We are very close to the final yet most interesting things about Black Panther. So please stick with us!
The Portrayal of Africa as Its Own Superpower
From the get go, what people were really excited to see was Wakanda. Part of the reason Black Panther is appealing is because here’s this superhero, who is from a country that is more technologically advanced than any other. And that country is in Africa. The vibranium in Wakanda made it a vital place, and this tale is one we don’t see often. For real? Africa is more than tin huts and flies? Well shut my mouth wide open!
As an African myself, the irritation about how the continent is portrayed is always at the surface for me. When I arrived at the US at 9, I realized that the place I’m from was considered undeveloped and archaic. It was news to me!
Black Panther film showed Wakanda as a place of innovation so beyond others’ understanding that it seemed they defied physics with what they were making happen. The guy who is American couldn’t even fathom it, because if was beyond what he thought was possible. You should see how my head swelled. This is no Zamunda.
I think about how Black Panther film can change the way little African kids can see themselves. I remember coming to the US and my accent was different and my name was different and the food I ate was different and it “othered” me immediately. I was asked if I’d ever seen electricity, and if wore clothes, and it annoyed me to no end. But I learned how to talk like my classmates by listening to them and mimicking how they were speaking and by high school I had lost most of my accent.
Seeing this movie, the thing that hit me is that there’s a little nine years old African girl that’s going to come to the US, and she won’t feel like she has to change the way she talks as it makes her too different. There’s going to be a little seven years old African boy who says “Sure I can tell these kids what my name means since it’s no longer so strange that they’re going to make fun of it.” That’s powerful. That’s the kind of stuff that can change a generation because for a lot of us that came when we were younger, we spent half our time trying to hide who we were. I’m looking forward to the ripple effect that it has in kids and how it makes them change the way they think the world is possible.
On top of all this, Black Panther has the nerve to be funny. The two funniest people in the film? Princess Shuri and M’Baku.
I LOVE me some Princess Shuri, and how she’s basically the epitome of little sister who lives to annoy her older brother. At the same time, she’s this bawse ass techie you can’t ignore. She had the best lines of the film. From her roasting T’Challa’s new shoes “What are THOSE?!?” to letting the white man know he needs to announce himself better. “Don’t scare me like that, colonizer.” Shuri is the Disney Princess we all need. She’s self-assured, super smart and shady AF.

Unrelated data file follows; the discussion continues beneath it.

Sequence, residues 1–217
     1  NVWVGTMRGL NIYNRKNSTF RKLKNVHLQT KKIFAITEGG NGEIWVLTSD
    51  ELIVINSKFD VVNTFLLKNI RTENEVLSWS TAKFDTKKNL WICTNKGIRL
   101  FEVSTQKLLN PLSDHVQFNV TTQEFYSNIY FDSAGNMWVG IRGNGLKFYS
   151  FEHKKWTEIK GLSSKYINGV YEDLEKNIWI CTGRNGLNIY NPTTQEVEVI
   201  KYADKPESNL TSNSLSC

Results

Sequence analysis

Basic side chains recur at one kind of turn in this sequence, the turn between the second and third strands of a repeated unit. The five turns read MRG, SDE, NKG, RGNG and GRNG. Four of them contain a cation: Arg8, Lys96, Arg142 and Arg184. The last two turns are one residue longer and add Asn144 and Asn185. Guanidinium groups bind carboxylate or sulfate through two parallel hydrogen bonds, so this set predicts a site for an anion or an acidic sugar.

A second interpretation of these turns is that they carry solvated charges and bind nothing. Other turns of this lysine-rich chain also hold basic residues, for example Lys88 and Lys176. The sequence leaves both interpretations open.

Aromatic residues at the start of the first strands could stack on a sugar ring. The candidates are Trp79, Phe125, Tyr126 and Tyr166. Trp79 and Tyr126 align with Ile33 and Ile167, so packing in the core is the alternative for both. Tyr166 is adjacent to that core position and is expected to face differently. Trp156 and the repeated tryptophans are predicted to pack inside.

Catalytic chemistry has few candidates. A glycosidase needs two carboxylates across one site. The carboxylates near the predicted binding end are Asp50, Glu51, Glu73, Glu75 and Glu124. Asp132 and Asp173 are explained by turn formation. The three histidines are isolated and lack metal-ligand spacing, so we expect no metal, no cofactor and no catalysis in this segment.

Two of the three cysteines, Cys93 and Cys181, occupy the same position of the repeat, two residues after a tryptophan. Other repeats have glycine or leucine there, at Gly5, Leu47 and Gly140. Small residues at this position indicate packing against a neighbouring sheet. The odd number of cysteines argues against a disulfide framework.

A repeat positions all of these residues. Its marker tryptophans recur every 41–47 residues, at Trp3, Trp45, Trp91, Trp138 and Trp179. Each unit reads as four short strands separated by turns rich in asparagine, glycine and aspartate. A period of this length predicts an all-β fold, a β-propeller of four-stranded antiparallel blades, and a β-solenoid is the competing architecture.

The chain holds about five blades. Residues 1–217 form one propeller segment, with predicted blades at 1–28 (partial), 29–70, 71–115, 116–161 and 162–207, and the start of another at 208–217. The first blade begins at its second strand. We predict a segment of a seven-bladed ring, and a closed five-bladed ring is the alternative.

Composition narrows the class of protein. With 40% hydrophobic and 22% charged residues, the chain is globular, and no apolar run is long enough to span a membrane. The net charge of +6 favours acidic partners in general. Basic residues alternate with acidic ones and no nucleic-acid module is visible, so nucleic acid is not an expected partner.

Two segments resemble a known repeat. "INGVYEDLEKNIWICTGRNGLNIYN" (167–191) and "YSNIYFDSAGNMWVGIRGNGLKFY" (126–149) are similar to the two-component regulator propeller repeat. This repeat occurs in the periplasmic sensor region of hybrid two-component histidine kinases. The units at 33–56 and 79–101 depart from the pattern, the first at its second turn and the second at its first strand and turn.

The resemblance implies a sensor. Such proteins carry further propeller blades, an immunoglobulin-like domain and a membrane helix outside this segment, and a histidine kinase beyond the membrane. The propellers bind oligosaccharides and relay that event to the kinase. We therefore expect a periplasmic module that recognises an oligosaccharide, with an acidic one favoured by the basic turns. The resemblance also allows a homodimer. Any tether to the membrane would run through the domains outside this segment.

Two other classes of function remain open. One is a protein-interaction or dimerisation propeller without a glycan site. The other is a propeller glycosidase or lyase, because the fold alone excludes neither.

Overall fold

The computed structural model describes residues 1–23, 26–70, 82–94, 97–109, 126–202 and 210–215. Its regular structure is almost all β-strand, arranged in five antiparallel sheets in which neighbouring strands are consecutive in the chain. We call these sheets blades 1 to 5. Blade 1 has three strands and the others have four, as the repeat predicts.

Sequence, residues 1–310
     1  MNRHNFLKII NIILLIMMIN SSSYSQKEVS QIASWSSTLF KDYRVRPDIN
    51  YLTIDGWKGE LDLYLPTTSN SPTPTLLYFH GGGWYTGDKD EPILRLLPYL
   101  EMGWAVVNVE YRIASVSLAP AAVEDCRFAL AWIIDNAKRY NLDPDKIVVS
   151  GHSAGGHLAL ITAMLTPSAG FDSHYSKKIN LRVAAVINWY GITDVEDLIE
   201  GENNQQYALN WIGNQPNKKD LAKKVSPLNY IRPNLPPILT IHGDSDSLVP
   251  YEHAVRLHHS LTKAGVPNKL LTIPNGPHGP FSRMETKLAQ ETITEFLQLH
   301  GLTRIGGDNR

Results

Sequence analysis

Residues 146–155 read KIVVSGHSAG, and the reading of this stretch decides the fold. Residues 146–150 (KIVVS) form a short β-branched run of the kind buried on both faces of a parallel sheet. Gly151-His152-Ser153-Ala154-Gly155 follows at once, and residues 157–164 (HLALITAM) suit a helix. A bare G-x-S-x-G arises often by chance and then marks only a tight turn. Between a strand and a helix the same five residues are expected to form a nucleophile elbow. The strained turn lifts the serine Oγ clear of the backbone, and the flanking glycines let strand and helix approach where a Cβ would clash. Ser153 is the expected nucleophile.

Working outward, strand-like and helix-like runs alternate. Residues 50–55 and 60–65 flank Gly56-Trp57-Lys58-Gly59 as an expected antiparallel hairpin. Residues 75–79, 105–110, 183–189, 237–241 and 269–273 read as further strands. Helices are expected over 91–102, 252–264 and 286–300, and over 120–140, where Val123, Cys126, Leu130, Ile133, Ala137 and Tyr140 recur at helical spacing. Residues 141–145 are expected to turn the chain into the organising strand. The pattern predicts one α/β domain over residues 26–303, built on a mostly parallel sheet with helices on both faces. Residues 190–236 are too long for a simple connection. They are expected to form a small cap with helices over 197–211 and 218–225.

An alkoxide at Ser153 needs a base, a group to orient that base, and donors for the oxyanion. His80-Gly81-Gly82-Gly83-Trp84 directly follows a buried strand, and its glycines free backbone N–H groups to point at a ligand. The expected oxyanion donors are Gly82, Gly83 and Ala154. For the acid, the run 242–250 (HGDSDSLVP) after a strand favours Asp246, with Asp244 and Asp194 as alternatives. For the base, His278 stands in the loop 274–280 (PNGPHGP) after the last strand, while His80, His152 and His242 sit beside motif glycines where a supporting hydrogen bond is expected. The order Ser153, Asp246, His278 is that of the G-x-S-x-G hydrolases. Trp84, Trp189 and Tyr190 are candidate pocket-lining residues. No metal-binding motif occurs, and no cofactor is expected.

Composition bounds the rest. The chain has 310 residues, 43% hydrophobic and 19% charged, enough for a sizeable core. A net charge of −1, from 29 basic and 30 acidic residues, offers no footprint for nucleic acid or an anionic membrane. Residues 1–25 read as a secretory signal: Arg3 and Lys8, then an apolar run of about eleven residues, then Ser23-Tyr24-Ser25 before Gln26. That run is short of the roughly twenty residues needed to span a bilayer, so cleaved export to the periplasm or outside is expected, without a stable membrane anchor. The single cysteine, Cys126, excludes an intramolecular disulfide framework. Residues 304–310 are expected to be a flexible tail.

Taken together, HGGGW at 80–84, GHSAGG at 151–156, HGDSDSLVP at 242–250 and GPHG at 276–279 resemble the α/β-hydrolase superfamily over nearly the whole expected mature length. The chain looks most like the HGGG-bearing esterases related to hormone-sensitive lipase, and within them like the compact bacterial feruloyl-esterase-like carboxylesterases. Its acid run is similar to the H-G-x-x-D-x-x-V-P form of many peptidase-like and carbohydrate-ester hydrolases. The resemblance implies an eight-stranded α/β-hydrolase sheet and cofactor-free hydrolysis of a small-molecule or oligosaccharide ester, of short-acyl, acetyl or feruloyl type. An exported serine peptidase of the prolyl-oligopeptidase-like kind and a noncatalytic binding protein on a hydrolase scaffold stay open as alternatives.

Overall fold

The other person who had me cracking up was M’Baku, leader of the Jabari men. From the first time we saw him, he was full of shenanigans.
But when I genuinely fell in love with him was when he interrupted a sweet, sappy moment by asking them infuriatingly “Are you done?” I SCREAMED! I was like “this is a correct pesin.” And then I realized he was clearly a Nigerian. The Jabari Tribe must be Nigerian. Why? “Are you done?” is classic Naija. Also, they’re rude AF, talk mad shit, and like to face their front in conflict. Plus, they can’t be on time for shit. They are not the ones who will show up as an event starts. M’Baku and his squad gon’ roll in when you start folding chairs, with their takeaway containers. I know my people when I see us.
Chei! M’Baku is a bombastic goat and I love him so much. When the white man spoke, and he hit him with the “One more word and I will feed you to my children. I’m kidding, we are vegetarians.” I cackled so loudly! That brings me to…
The Fringeness of Whiteness
This film centered Blackness in all ways, and made whiteness the foreigner. There’s Klaue, who is the epitome of white greed. They find out what we have, and they think they’re entitled to it so they steal it without consequence to them. That fuckass stole Vibranium, and then told Killmonger that the “savages” didn’t deserve it. THEY DIDN’T DESERVE WHAT WAS THEIRS? Die painfully and gruesomely. I was mad that he died with just a gunshot wound. I wanted his fingers and toes to be cut off on some Game of Thrones shit.
Agent Ross, the CIA dude who ended up in Wakanda. I love how he was treated like a nuisance the entire time. The only reason he even ended up there was because he did save Nakia’s life. Otherwise, they woulda left him to die. They surely ain’t save no one else in that gun shot. Even so, the Wakandas regarded him as a foreign object in their midst. They barked when he didn’t face his front (shoutout to M’Baku), called him a colonizer (hey Shuri), and locked him in offices so he can stay out their way (I see you, Nakia). Even though he helped prevent the weapons of Wakanda from leaving their borders, he needed strict instructions from Shuri to even do that.
I sho’ll was like “DON’T TRUST WHITEY” the entire time. I kept expecting him to escape to the US and tell all their secrets. He still might in part 2. I still don’t trust him.
It was so nice and new to my spirit to see this white man be treated like an annoyance. IT IS ABOUT TIME. It was like cold lemonade to my shady soul. This is the treatment WE earn in everything so it’s only right it happened here like this. Although he shot some planes down, he’s no hero. I think Black Panther film is clear about that.